CHINA RISING: Eurasian eyes turn east

CHINA RISING: Eurasian eyes turn east
China hosted the One Belt One Road (OBOR) summit in Beijing this May.
By Ben Aris in Berlin July 10, 2017

When China hosted the One Belt One Road (OBOR) summit in Beijing this May the list of attendees was a “Who’s Who” of emerging market leaders. With some $4 trillion of investment into roads, rail and air links on offer – as well as innovation parks and logistic centres that will become nodes in a sprawling network designed to connect Beijing with Brussels – many eyes in Eurasia are turning away from the West and Russia and towards China.

The promise of inbound Western foreign direct investment had anyway largely failed to materialise in most of Eastern Europe. The accession countries that joined the European Union in 2004 have done well, but everyone east of them has done badly. Rather than the swashbuckling risk-takers Eastern Europeans expected, Western investors have proven to be cautious and slow moving. Worries over political risk and poor corporate governance were exacerbated by the global financial crisis and the political stand-off with Russia, which forced countries in the region to take sides.

In the midst of all this China has come of age and begun to invest the trillions of dollars accumulated from years of cheap exports. The Chinese have been even slower to move but now they are, and because the country operates largely at a state level, the sums on offer are up an order of magnitude.

Moreover, China is investing in the things that Eurasian countries want the most: economic-multiplying infrastructure and raw material resource development for the most part.

Western corporations are looking to produce and sell to the local markets; China wants to build a transport corridor from its domestic production base so it can carry its goods cheaper and faster to the rich markets of the West. The bedrock on which China’s policy is founded is to create jobs at home for its 1.1bn strong population.

The Kremlin, strapped for cash by sanctions, a failure to reform and the collapse of oil prices, has been put in a weak negotiating position vis-à-vis China. And Beijing has had no qualms about using its leverage. In 2014 China’s General Secretary of the Communist Party Xi Jinping flew to Russia to sign off on a gigantic $400bn deal to supply Russian gas across the Siberian border to China’s underdeveloped northwest territories. But on the way to St Petersburg he stopped off for a day in Ashgabat to sign the biggest gas deal ever with Turkmenistan to deliver up to 65bn cubic metres of gas a year that undermined the need to buy Russian gas.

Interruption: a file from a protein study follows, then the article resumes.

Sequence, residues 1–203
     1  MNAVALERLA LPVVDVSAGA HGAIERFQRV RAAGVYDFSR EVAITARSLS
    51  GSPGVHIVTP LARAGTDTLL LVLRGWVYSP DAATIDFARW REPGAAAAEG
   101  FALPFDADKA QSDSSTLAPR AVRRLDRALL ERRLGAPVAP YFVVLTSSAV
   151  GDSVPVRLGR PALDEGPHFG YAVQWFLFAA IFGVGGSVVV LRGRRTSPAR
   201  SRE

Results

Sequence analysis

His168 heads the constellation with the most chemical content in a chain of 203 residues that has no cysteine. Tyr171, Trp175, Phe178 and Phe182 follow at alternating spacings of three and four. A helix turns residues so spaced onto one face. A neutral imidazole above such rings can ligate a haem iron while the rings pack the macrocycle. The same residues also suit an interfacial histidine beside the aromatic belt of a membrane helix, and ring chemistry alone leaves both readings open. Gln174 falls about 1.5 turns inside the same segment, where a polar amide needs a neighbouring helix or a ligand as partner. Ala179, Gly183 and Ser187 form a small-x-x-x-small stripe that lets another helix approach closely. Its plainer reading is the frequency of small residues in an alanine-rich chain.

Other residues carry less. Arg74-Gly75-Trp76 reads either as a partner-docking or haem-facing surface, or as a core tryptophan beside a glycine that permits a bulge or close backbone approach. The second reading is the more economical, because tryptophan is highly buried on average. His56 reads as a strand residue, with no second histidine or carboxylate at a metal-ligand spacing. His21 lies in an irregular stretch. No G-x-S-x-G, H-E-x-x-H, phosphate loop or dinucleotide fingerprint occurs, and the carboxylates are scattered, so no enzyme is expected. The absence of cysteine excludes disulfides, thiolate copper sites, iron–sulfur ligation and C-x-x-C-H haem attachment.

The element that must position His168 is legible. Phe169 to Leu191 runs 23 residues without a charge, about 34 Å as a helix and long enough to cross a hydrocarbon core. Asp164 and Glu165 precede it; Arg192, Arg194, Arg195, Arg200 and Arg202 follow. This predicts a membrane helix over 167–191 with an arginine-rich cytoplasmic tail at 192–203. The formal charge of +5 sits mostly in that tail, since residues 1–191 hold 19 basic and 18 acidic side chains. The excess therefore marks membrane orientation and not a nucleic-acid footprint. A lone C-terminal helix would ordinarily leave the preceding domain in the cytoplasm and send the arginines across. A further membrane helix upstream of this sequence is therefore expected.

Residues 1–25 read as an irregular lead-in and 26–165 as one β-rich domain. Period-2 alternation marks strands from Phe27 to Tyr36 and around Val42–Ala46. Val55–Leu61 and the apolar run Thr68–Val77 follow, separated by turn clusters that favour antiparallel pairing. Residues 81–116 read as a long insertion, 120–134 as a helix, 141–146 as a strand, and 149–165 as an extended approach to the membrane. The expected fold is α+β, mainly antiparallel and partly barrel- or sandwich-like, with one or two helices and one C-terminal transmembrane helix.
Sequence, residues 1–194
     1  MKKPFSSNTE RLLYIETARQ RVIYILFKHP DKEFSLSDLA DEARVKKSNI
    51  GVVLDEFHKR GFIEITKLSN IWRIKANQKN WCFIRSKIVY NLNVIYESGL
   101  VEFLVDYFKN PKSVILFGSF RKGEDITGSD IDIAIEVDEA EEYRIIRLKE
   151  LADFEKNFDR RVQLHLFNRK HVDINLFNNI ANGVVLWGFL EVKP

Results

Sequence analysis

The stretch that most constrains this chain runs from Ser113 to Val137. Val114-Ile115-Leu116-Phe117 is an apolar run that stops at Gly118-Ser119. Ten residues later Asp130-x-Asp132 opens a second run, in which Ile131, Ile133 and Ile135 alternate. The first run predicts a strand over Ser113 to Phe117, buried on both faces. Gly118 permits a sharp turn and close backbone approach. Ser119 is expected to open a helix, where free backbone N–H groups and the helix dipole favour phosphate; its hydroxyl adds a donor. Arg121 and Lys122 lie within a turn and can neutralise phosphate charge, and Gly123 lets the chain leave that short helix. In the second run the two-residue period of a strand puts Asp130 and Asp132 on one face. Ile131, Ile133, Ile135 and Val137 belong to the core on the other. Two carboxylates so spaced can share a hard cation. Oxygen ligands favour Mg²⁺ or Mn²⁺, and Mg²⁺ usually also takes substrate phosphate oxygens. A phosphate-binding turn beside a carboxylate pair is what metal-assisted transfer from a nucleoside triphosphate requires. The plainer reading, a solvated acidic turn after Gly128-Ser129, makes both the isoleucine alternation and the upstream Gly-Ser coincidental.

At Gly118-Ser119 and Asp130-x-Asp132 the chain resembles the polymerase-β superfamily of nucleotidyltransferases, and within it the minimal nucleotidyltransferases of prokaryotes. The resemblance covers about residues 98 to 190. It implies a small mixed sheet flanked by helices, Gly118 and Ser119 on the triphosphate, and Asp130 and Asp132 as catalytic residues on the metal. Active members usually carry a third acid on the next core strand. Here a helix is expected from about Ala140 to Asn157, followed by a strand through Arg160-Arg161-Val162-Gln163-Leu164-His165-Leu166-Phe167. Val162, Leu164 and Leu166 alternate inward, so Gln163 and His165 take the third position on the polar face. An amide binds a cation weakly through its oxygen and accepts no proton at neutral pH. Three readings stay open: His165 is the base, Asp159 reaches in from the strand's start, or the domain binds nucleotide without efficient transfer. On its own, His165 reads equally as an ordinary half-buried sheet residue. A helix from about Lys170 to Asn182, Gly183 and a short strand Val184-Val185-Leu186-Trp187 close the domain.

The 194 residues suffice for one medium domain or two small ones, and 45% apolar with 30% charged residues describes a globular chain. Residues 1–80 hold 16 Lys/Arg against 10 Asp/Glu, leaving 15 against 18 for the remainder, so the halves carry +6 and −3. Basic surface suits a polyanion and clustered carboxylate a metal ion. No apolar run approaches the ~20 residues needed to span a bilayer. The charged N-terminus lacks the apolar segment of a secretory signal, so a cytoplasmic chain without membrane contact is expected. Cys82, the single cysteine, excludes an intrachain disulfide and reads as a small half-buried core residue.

Yet Russia is more and more seeing China’s push as an opportunity rather than a threat. In the 1990s China’s trade turnover with Russia was steady at about $5bn-$7bn a year. However, it took off after Russian President Vladimir Putin took office in 2000, rapidly rising to a peak of $95bn in 2014. Trade took a hit in the “silent crisis” years of 2015-2016 that hurt everyone in the Commonwealth of Independent States but it is growing again this year and on course to top $80bn this year. Putin has set a goal of $200bn by 2020.

The relationship with the Chinese state began as a trade deal, but it has become progressively more political. It was not for nothing that when Xi Jinping took office in March 2013 his first trip abroad was to Moscow. To escape its blockade by the West, Russia has tried to shape the new emerging economies such as China into a rival global alliance.

Many of the emerging economies share Putin’s objection to the unipolar world with the US as leader and would prefer to see a multipolar world with bodies such as the G20 sharing responsibility for global affairs. China has been a vocal and outspoken critic of the US sanctions on Russia, and it has been a willing partner in this drive, though it is more narrowly focused on its own national interests.

The BRICs have metamorphosed into a trade club and today is becoming a global political force. Various other political bodies have also emerged to provide new forums for these countries to coordinate their efforts such as the Eurasia Economic Union (EEU) for trade, the Shanghai Cooperation Organisation (SCO) for security, or the troubled Trans-Pacific Partnership (TPP). None of these bodies are especially powerful or influential as yet – indeed many, like the EEU, don't work very well. But they represent an attempt to set up new multinational bodies that do not include the old world.

This is part of a series looking at the implications of China's growing interest in Central and Eastern Europe and Eurasia.